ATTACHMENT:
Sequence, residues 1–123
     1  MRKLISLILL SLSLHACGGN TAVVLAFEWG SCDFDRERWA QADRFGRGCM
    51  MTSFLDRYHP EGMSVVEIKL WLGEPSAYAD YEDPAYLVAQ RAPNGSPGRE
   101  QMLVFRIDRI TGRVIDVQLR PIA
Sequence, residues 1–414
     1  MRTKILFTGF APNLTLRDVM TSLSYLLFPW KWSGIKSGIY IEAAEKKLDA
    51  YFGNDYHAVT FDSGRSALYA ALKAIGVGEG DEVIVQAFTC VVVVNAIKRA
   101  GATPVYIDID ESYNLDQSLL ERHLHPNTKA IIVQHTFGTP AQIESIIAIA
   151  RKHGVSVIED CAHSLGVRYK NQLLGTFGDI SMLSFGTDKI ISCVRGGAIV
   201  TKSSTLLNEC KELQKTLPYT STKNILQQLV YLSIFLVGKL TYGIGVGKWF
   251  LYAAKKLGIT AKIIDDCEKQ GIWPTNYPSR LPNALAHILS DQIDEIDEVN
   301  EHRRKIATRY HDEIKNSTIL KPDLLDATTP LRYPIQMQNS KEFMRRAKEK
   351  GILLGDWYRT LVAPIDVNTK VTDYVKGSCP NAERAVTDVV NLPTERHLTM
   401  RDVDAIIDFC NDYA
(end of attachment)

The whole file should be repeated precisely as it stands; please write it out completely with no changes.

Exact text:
Sequence, residues 1–123
     1  MRKLISLILL SLSLHACGGN TAVVLAFEWG SCDFDRERWA QADRFGRGCM
    51  MTSFLDRYHP EGMSVVEIKL WLGEPSAYAD YEDPAYLVAQ RAPNGSPGRE
   101  QMLVFRIDRI TGRVIDVQLR PIA
Sequence, residues 1–414
     1  MRTKILFTGF APNLTLRDVM TSLSYLLFPW KWSGIKSGIY IEAAEKKLDA
    51  YFGNDYHAVT FDSGRSALYA ALKAIGVGEG DEVIVQAFTC VVVVNAIKRA
   101  GATPVYIDID ESYNLDQSLL ERHLHPNTKA IIVQHTFGTP AQIESIIAIA
   151  RKHGVSVIED CAHSLGVRYK NQLLGTFGDI SMLSFGTDKI ISCVRGGAIV
   201  TKSSTLLNEC KELQKTLPYT STKNILQQLV YLSIFLVGKL TYGIGVGKWF
   251  LYAAKKLGIT AKIIDDCEKQ GIWPTNYPSR LPNALAHILS DQIDEIDEVN
   301  EHRRKIATRY HDEIKNSTIL KPDLLDATTP LRYPIQMQNS KEFMRRAKEK
   351  GILLGDWYRT LVAPIDVNTK VTDYVKGSCP NAERAVTDVV NLPTERHLTM
   401  RDVDAIIDFC NDYA